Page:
Finding New Genes that Control Inflammatory Arthritis
Rheumatoid arthritis (RA) is caused by a complex set of environmental and genetic factors. Currently, only a small number of the genes that increase a person’s risk of developing RA have been identified. Discovering additional genes that control RA would help us to understand what causes the disease and potentially how to more effectively treat or even prevent arthritis.
Dr. Johnsen will use a unique group of mice to help find the genes controlling inflammatory arthritis. These mice have been extensively bred for over 50 generations, creating mice with a more diverse genetic background than standard mouse strains. By treating these mice to develop arthritis, Dr. Johnsen will be able to correlate the presence of a particular DNA sequence at a specific location on the genome with the severity of the arthritis. This will identify the location of the genes that are controlling arthritis in these animals. Ultimately, Dr. Johnsen will demonstrate the effect of these candidate genes on arthritis by developing mice that are deficient in these genes, then determining their susceptibility to arthritis.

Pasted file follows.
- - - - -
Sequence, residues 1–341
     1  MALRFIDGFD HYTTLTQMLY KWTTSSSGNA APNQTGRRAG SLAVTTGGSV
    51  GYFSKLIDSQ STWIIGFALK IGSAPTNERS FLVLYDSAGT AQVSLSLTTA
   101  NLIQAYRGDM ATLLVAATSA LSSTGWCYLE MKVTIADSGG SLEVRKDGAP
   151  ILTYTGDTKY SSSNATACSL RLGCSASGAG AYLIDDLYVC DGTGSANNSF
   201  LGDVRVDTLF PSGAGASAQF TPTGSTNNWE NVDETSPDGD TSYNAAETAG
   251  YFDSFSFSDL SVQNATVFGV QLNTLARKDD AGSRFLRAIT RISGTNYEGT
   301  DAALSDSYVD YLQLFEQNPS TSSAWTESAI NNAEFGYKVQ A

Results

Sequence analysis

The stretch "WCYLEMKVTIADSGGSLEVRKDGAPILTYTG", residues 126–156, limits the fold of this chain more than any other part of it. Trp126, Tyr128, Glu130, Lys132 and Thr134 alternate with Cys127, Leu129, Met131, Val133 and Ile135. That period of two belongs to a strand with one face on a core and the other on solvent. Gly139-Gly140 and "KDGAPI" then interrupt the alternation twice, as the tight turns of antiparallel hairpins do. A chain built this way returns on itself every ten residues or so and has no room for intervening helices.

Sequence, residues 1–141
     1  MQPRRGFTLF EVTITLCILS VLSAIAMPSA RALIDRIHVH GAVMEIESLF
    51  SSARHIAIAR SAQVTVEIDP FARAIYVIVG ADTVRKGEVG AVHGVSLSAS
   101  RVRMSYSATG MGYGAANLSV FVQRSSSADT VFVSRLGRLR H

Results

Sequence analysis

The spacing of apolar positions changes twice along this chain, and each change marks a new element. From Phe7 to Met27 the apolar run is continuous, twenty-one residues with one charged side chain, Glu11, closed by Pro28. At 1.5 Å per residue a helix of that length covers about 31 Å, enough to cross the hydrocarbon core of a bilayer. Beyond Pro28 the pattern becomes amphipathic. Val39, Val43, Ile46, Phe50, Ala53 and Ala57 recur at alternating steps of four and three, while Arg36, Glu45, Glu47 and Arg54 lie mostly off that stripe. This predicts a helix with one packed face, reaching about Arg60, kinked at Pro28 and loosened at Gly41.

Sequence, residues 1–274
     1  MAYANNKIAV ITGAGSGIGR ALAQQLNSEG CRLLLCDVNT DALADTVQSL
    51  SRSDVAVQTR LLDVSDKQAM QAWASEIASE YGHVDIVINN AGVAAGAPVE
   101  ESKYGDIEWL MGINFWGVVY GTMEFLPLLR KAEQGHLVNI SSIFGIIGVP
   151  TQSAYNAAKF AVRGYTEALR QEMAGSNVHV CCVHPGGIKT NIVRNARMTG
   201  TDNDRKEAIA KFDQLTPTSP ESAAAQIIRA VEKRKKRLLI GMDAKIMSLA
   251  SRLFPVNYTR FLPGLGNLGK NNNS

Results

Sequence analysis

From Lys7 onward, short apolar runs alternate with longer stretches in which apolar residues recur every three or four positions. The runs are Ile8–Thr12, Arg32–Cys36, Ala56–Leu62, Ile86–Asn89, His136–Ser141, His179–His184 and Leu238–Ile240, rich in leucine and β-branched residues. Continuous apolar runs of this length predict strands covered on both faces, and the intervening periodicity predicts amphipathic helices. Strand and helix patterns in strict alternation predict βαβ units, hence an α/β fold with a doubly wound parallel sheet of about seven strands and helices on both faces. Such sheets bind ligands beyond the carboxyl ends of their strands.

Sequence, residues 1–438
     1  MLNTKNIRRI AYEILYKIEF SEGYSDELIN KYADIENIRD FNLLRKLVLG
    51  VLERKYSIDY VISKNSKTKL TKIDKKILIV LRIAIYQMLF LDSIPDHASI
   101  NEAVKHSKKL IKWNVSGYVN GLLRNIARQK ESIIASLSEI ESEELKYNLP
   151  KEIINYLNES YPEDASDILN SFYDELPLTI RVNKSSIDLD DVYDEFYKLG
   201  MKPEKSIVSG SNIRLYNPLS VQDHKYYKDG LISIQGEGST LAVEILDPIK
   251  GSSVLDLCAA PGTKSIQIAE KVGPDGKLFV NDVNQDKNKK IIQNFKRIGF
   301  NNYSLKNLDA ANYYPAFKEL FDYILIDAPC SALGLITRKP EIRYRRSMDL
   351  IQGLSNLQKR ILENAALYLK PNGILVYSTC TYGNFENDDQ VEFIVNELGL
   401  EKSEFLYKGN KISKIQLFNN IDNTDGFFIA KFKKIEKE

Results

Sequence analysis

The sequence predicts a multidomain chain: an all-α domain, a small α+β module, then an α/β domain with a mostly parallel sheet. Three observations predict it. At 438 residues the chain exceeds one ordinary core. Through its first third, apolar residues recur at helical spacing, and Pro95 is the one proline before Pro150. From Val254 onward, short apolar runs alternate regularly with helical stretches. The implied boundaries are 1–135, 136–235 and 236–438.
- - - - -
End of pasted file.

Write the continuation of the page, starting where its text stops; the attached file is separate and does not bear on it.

Dr. Johnsen expects to identify new genes that control arthritis in the mouse. Given the similarity of the mouse model with human RA, it is likely that these genes will also play a significant role in the human disease. Finding genes controlling susceptibility to RA will enhance understanding of how the disease works. In addition, these studies have the potential to identify new targets for therapies in human patients.